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Saturday, May 9, 2009

Is Freemasonry The Same As Rosicrucianism

Is Freemasonry The Same As Rosicrucianism Cover No.

The name Rosicrucian has become a generic term embracing every species of doubt, pretension, arcana, elixers, the philosopher’s stone, theurgic ritual, symbols or initiations. In its loosest definition it simply refers to a lover of wisdom and a searcher for knowledge. At the other extreme it can refer to a blindered follower of formalized ritual intent on creating gold out of base metal.
The earliest reference to Rosicrucianism is the publication in Cassel in 1614, of Allgemeine und General-Reformation der ganzen beiten Welt. Benebst der Fama Fraternitatis des oblichen Ordens des Rosencreuzes an alle Gelehrte und Haupter Europa geschrieben. An English translation by Thomas Vaughan, Fame and Confession of Rosie-Cross, appeared in 1652.

This book and Chemische Hochzeit Christiani Rosencreuz, are presumed to be the work of John Valentine Andrea (1586/08/17-1654/06/27), although unproven claims to an earlier manuscript or folk tradition have been made.

Other scholars such as Roger Bacon (1214-1292), Raymond Lully (d. 1315) and Cornelius Henry Agrippa (d. 1535) have been claimed as Rosicrucians although there is no proof that they were even aware of the name.

Andrea’s tale of an invisible Society of Rosicrucians describes the founding of a society of eight "lovers of wisdom" who studied medicine and occult sciences and dedicated their lives to practicing "physic" without payment. They met in a "House of the Holy Spirit" and each appointed one man to succeed him at his death. Although the existence of this society or brotherhood has never been proven, many subsequent groups have claimed lineage.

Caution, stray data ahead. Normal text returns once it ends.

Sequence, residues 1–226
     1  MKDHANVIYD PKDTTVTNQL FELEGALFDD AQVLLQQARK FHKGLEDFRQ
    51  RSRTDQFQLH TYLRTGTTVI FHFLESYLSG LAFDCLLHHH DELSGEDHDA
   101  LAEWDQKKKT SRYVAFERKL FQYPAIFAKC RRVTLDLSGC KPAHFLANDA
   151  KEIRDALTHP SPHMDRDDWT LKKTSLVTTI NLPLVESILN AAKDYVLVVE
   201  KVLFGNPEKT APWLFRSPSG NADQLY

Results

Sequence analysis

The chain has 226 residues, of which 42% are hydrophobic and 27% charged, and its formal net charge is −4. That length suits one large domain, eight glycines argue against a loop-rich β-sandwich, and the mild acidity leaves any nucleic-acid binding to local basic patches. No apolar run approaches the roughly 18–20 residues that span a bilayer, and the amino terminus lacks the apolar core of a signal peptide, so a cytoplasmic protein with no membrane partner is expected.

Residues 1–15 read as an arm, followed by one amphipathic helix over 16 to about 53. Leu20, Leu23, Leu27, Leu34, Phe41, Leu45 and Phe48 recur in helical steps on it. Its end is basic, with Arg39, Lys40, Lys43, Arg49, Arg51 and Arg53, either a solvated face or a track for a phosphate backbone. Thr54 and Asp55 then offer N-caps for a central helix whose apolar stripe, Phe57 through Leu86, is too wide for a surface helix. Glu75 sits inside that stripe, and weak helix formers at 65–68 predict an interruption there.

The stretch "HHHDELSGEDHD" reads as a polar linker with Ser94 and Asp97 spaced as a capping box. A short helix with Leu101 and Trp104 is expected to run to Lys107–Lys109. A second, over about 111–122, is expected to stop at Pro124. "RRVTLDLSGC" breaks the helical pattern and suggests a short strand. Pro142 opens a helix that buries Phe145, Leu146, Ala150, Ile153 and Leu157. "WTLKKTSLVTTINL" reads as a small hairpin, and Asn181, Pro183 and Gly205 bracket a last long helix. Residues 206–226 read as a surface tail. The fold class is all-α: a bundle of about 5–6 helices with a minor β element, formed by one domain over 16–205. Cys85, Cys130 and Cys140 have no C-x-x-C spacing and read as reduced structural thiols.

The first suggestion of a link to Freemasonry was made in a satirical letter that appeared in the English Daily Journal in 1730. Subsequent writers, such as J.G Buhle in 1804, have asserted, without logic or proof, that Freemasonry sprang from Rosicriucianism. But the symbolism of Rosicrucianism is derived from a Hermetic philosophy; that of Freemasonry from operative stonemasonry. The story of the death, burial and disinterment of Rosicrusianism’s founder, Christian Rosenkreuz, is reminiscent of the Hiramic legend, but no more so than other funerial legends. Both the Hiramic legend and a Continental version involving Noah were known to freemasons prior to Elias Ashmole’s masonic initiation, discrediting any theory that Ashmole introduced Rosicrucian themes into Freemasonry.

Although Andrea’s Rosicrucians were Christian, contemporary groups embrace a wide range of traditions such as the Hermeticism of Hermes Trismegistus, the Pythagorean school of ancient Greece, the Qabala of the Hebrews and the alchemical tradition of mediaeval Europe.
The nineteenth century saw the rise of the Societas Rosicruciana in Anglia, Societas Rosicruciana in Civitatibus Foederatis, Societas Rosicruciana in America, the Hermetic Order of the Golden Dawn, Ordo Templi Orientis, Ordre Kabbalistique de la Rose Croix, Order of the Temple & the Graal and of the Catholic Order of the Rose-Croix, and the Rose-Croix de l'Orient, Les Freres Aines de la Rose-Croix.
In the twentieth century: the Rosicrucian Fellowship, Lectorium Rosicrucianum, Order of the Temple of the Rosy Cross, Corona Fellowship of Rosicrucians, Fraternitas Ros? Crucis, Fraternitas Rosicruciana Antiqua, Collegium Pansophicum, Builders of the Adytum, the Servants of the Light, the Antiquus Arcanus Ordo Ros? Rub? Aure? Crucis (AAORRAC), the Antiquus Arcan? Ordinis Ros? Rub? Aure? (AMORC), and the Ancient Ros? Crucis have all made claim to a Rosicrucian tradition, if not lineage.

Some of these groups were founded by freemasons, some are still in existence. None have any relationship with regular Freemasonry.

Downloadable books (free):

Max Heindel - The Rosicrucian Mysteries
Arthur Edward Waite - The Real History Of The Rosicrucians Part I
Arthur Edward Waite - The Hermetic And Rosicrucian Mystery
Anonymous - Rituals Of The Societas Rosicrucianis In Anglia